Tulsans celebrate election of Pope Francis
|Updated: 3/14 9:14 am
||Published: 3/13 9:25 pm
When Pope Francis was elected Wednesday afternoon, Bishop Edward Slattery told all churches in the Diocese of Tulsa to ring their church bells, but Catholic Churches were not the only ones that had happy clergy inside their walls.
“I am so excited to celebrate the election we heard about today with Pope Francis,” Pastor Jim Miller said.
Miller has been leading the 2,500 members of First Presbyterian Church in downtown Tulsa for twenty years. When he talked with FOX23’s Adam Paluka Wednesday afternoon, he made it clear the outcome of the Conclave of Cardinals was much more than just a historic moment for Catholics.
“I think everybody around the world has probably been attentive to this. It's hard to overstate the importance of the Roman Catholic community in the global community.”
Miller thinks people of all faiths should pause and think about what this election means. He's good friends with Bishop Slattery, and his sentiments don't surprise the head of the Diocese of Tulsa.
“I think that the whole world wants the Pope, even if they're not Catholic, they're happy that we have a Pope,” Bishop Slattery said.
Pastor Miller was impressed with the new Pope's humility and his early command of his position.
“You don't have to be Roman Catholic to be thankful to God for good leadership, and be grateful for the election of Pope Francis,” Pastor Miller said.
Pastor Miller will Mark the Pope's election at Sunday services by leading his church in a prayer for the new head of the Catholic Church.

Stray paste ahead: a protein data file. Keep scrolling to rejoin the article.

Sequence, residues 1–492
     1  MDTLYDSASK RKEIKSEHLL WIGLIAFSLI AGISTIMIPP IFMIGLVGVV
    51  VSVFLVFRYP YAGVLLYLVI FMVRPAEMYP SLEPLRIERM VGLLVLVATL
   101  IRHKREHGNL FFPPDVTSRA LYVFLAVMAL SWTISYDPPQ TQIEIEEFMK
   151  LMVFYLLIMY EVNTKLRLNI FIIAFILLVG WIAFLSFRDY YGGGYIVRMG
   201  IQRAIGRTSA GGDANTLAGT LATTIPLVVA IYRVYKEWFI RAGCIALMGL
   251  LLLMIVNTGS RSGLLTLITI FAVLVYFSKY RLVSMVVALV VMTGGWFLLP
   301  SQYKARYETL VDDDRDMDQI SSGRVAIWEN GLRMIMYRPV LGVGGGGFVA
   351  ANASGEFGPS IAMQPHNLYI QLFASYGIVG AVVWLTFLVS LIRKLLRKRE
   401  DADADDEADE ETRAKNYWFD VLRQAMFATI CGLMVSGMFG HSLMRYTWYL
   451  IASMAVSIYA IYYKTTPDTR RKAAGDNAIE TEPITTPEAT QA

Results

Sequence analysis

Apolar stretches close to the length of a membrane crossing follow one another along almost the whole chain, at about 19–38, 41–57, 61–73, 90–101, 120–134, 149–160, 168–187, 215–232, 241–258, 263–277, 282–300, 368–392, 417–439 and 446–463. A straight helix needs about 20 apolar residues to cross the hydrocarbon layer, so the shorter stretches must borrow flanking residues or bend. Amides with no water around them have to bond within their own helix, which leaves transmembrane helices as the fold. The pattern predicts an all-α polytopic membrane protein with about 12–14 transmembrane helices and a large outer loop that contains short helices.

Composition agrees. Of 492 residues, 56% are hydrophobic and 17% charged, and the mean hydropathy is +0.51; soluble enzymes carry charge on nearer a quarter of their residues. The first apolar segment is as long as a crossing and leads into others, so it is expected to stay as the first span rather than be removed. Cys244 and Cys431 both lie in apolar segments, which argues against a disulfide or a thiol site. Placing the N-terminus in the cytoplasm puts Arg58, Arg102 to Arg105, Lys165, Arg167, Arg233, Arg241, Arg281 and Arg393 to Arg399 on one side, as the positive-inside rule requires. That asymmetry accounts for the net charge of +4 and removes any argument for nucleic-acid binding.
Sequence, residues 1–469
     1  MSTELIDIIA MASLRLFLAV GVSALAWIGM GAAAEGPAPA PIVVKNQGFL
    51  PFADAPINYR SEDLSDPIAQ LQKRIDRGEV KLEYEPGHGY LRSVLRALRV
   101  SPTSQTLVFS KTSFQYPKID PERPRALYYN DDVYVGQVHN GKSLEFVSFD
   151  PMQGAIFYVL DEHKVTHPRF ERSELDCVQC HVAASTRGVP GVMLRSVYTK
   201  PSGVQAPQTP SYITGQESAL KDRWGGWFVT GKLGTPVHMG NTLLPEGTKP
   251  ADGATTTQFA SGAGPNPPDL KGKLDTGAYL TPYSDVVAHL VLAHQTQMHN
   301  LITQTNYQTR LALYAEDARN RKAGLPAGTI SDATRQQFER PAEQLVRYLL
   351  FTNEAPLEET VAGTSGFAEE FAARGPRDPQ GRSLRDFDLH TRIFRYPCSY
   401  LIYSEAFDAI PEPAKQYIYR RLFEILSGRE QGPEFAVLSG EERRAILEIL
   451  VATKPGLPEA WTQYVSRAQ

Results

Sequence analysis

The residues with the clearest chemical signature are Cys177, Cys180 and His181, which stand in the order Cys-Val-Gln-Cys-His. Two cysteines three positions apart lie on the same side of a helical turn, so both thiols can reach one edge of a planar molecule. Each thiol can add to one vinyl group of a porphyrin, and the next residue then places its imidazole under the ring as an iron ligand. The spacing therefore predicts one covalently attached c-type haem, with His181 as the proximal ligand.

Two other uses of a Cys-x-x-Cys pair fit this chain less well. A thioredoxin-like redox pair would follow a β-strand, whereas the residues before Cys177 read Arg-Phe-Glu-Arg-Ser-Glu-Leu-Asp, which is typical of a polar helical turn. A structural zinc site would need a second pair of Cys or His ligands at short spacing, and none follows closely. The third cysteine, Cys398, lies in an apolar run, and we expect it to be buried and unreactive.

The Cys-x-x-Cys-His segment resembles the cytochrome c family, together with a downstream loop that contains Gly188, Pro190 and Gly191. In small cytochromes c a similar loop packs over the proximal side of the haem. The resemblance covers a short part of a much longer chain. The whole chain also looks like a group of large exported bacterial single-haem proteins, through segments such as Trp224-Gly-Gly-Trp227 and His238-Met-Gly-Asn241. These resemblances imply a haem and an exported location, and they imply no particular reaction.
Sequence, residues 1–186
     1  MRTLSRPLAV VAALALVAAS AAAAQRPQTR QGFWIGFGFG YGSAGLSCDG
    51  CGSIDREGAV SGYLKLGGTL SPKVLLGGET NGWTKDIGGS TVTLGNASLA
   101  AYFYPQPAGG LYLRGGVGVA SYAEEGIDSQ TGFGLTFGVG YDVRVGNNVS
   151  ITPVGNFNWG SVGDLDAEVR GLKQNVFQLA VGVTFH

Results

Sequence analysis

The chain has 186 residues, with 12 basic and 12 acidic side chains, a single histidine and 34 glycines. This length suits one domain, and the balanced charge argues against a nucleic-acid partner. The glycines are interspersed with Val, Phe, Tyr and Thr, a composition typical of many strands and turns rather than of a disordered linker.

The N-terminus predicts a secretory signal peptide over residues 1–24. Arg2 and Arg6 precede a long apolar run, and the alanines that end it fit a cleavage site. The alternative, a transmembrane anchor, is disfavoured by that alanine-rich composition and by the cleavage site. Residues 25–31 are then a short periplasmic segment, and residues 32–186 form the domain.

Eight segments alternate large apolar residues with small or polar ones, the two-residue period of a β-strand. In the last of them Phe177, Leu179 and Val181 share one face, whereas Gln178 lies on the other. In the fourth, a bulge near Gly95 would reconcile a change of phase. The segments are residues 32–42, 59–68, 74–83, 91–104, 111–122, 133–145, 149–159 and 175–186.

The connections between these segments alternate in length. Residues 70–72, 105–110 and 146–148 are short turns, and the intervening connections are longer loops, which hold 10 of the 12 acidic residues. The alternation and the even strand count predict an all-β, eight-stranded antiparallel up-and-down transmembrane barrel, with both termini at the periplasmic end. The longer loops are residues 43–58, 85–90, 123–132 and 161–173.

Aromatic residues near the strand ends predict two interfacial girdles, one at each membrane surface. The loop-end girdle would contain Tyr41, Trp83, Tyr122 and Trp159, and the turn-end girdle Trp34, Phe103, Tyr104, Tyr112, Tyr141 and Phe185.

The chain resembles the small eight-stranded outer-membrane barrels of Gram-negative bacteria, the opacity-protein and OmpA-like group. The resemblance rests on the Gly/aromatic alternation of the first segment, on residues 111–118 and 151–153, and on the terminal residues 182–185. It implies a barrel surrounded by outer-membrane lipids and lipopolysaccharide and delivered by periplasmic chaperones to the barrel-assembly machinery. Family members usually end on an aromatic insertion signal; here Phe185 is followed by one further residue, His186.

For Catholics, the new Pope will hold his first Papal Mass next week. In the meantime you can catch up with Pope Francis on social media. The new Pontiff has a YouTube channel and a Twitter account. That account was created by Pope Francis’ predecessor, Pope Benedict XVI, but had been deactivated since he announced his resignation last month.
Pope Francis’ election did spark a new tweet on the Pope’s account. The three words tweeted Wednesday afternoon were in Latin, Habemus Papam Franciscum. The translation is: We have Pope Francis.
Tulsa Bishop Slattery says those words reached a population not connected through the television or radio, and it brought the Pontiff literally to the palm of their hands.
“Our whole mission in the world is to communicate, to communicate Christ. The more sophisticated our communication systems are, the better we can do this. So we have to be conversant with all the modern media,” Bishop Slattery told FOX23.
To view the Pope’s Twitter account, click here: https://twitter.com/Pontifex
To view the Vatican’s YouTube channel, click here: http://www.youtube.com/user/vatican
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